Vinod Moonesinghe, in RoarMedia, 13 January 2023, where the title runs thus: “How Sri Lankan Tamils Came To Have ‘English’ Names”
Many Sri Lankan Tamils have English or otherwise European names, and are often confused with Burghers or Eurasians. How this came to be constitutes a vital part of the evolution of modern Sri Lanka.
The story begins with the British invasion of the island in the late 18th century and conquest of the lowlands, hitherto occupied by the Dutch. Unlike previous European invaders, the British were more concerned with Ceylon’s strategic position in relation to India, and so expedience and budgetary constraints played a major part in their decision-making on the island.
After the British occupied the country 1796, they appointed Dutch Burghers, descendants of the Europeans employed by the former colonial power, to positions in the administration, to mediate between them and the native population. The historian, lawyer and politician Colvin R de Silva noted, in his monumental study of the early period of British rule Ceylon Under the British Occupation (pp205-208), that the British brought in East India Company apparatchiks, mostly South Indian natives, to replace native “headmen”of the Mudliyar and Arachchi classes.
This led, de Silva noted, to a revolt in 1797, following which the British built up a privileged minority of “natives” to supplement the Burghers in the higher altitudes of society. This privileged elite came from the most educated members of society, a disproportionate number of whom were Tamil, due to a peculiar circumstance of history.
According to de Silva’s Ceylon Under the British Occupation, when the British government slashed expenditure on education on the island due to budgetary constraints, it relied heavily on Christian missionaries to carry out educational activities. A significant portion of this effort was made by the American Ceylon Mission (ACM), established by Rev. Samuel Newell in 1813, in Jaffna, in the Tamil-dominated north of Ceylon, as part of the evangelising effort of the American Board of Commissioners for Foreign Missions. Although Americans had been visiting the island since 1788, as spice traders and whalers, the British, citing the ongoing war with France, refused to allow the Americans to proselytise elsewhere — a ban which lasted far longer than the war of 1809-1814, the penultimate in a series of Napoleonic Wars waged all over the world.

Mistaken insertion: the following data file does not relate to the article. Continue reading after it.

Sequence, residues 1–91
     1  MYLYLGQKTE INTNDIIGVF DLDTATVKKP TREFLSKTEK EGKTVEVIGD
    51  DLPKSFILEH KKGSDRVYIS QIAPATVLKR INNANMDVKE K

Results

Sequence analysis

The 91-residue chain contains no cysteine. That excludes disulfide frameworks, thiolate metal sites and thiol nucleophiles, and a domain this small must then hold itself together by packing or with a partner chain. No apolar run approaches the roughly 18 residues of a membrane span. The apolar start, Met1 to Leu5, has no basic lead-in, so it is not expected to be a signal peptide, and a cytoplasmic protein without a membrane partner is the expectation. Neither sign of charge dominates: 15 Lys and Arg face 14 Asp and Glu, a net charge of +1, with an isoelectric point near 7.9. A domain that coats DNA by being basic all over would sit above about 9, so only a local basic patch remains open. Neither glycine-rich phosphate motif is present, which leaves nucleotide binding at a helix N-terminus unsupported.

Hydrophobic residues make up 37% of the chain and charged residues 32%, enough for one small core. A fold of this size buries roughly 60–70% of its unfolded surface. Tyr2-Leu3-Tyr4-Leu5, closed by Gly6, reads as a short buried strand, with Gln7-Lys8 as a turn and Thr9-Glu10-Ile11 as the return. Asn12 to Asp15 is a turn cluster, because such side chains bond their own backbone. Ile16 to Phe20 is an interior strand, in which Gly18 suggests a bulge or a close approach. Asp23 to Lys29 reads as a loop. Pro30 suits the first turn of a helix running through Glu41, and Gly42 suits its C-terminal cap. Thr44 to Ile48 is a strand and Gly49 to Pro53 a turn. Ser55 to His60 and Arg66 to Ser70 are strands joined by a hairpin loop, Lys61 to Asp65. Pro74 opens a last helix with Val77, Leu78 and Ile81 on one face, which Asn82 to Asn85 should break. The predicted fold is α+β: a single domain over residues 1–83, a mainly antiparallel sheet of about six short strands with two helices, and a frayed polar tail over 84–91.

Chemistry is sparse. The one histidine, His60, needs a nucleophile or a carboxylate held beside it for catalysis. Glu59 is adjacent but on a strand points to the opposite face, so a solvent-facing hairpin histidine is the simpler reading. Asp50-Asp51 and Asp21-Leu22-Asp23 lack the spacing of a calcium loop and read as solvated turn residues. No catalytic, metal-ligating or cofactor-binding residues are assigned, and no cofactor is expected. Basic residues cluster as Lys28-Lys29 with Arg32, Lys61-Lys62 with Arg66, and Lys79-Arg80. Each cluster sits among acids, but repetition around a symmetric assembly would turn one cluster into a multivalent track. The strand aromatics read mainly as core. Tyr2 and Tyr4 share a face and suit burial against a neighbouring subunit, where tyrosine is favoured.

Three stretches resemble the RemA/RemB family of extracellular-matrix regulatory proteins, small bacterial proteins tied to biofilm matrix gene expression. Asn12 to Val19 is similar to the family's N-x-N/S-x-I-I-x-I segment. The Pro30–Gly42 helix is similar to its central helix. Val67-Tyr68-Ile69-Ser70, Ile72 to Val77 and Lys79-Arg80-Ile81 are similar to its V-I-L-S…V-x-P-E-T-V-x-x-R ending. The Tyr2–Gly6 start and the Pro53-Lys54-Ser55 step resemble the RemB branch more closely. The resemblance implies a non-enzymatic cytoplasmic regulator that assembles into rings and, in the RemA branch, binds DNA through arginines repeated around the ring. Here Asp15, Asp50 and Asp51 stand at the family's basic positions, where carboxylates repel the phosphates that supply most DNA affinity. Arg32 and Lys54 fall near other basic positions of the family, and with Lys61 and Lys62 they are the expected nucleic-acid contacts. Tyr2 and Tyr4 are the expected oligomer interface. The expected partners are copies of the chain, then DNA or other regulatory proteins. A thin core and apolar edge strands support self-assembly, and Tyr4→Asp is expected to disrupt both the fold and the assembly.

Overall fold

Rev Samuel Newell, who founded the American Ceylon Mission Image via Wikipedia
In 1816, the ACM established a school at ‘Tillipally’ (as they called the town of Tellippallai), today’s Union College, also in Jaffna, in the Tamil-dominated north. In 1823, they inaugurated the Batticotta Seminary (which evolved into Jaffna College), Ceylon’s first modern university-level institution at Vaddukoddai, also in the north. The next year, prominent ACM missionary Harriet Winslow (ancestress of later Secretary of State, John Foster Dulles and CIA head Allen Welsh Dulles) founded Uduvil Girls’ College, Asia’s first girls’ boarding school, in the Tamil-dominated north.
In 1848, American doctor and missionary Dr Samuel Fiske Green opened the first modern medical school and teaching hospital (South Asia’s second modern teaching hospital, which later came to be known as the Green Memorial Hospital) in Ceylon, at Manipay — again, in the northern part of the island. The ACM also set up the first printing press in the north in 1820 and in 1841 began the island’s second oldest newspaper, the Morning Star, there too.
Harriet Winslow, who founded Uduvil Girls College. Image via Wikipedia